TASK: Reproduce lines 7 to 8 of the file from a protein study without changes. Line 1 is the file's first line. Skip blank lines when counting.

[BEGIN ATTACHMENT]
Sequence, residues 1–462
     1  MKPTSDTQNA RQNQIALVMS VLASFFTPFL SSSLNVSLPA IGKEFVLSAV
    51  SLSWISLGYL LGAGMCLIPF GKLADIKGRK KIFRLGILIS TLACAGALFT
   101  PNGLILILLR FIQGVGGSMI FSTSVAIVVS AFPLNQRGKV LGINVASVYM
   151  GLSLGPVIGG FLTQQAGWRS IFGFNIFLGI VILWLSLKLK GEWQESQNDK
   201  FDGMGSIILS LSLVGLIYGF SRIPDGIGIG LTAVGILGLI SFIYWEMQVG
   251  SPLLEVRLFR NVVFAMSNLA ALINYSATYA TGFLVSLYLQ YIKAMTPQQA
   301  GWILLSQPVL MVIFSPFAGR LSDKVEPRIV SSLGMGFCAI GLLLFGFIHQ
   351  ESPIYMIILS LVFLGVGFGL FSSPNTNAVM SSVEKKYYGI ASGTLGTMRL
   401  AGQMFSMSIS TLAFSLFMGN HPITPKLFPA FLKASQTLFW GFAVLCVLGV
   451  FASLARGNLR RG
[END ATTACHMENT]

   251  SPLLEVRLFR NVVFAMSNLA ALINYSATYA TGFLVSLYLQ YIKAMTPQQA
   301  GWILLSQPVL MVIFSPFAGR LSDKVEPRIV SSLGMGFCAI GLLLFGFIHQ